The Massachusetts-based lawyer was born in 1816 in Indiana. He grew up a free man, learning to read and write on his on his own and eventually landing his first a job as a schoolteacher. In the early 1840s, he moved to Portland, Maine where he befriended local anti-slavery leader General Samuel Fessenden — an American abolitionist and Massachusetts state legislator, who had recently begun a law practice, and hired Allen as a law clerk.
In 1844, Fessenden petitioned the Portland District court to allow Allen to practice as a lawyer. He was refused on the grounds that he was not a citizen, despite Maine’s law that anyone “of good moral character” could be admitted to the bar. So Allen applied for admission by examination.
After passing the exam was awarded his license to practice law on July 3, 1844. Finding work in Maine was difficult, though, as few were willing and hire Allen — and most whites were unwilling to have a black man represent them in court.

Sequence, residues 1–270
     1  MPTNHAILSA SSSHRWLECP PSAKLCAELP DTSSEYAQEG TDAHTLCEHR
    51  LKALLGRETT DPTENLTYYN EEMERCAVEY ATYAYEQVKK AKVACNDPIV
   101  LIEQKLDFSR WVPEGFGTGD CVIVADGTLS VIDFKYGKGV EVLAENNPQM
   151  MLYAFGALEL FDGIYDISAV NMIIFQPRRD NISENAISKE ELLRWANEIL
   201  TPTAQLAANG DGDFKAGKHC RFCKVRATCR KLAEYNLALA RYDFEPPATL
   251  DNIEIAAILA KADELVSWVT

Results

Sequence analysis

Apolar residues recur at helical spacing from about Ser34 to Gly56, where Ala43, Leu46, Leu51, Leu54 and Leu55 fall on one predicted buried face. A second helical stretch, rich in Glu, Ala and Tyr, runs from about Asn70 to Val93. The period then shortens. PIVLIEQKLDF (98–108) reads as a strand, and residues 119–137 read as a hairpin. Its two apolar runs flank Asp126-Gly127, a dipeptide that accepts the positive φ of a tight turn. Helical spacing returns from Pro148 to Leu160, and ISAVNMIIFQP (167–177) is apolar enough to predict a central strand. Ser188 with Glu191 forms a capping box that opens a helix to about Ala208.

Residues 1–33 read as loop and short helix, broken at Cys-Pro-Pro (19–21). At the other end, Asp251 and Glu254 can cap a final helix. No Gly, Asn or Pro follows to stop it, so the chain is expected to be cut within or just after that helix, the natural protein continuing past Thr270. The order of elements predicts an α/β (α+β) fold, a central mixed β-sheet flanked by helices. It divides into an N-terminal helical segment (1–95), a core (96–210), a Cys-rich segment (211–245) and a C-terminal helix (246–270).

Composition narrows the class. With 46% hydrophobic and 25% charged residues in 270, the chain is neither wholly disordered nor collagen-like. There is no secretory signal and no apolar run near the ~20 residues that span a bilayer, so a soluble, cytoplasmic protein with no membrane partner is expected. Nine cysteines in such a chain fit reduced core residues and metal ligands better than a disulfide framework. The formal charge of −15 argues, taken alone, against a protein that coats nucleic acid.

In 1845, Allen moved to Boston, went into business for himself, and in 1848 became Justice of the Peace for Middlesex County, Massachusetts. After the Civil War, he moved to Charleston, South Carolina, and in 1873 was appointed as a judge in the Inferior Court of Charleston; the following year he was elected judge probate for Charleston County, South Carolina. Following Reconstruction, Allen moved to Washington, DC, where he worked as an attorney for the Land and Improvement Association and practiced law until his death at age 78.
Words of Wisdom
This crisis of confidence in the judiciary is real and growing. Left unaddressed, the perception that justice is for sale will undermine the rule of law that the courts are supposed to uphold.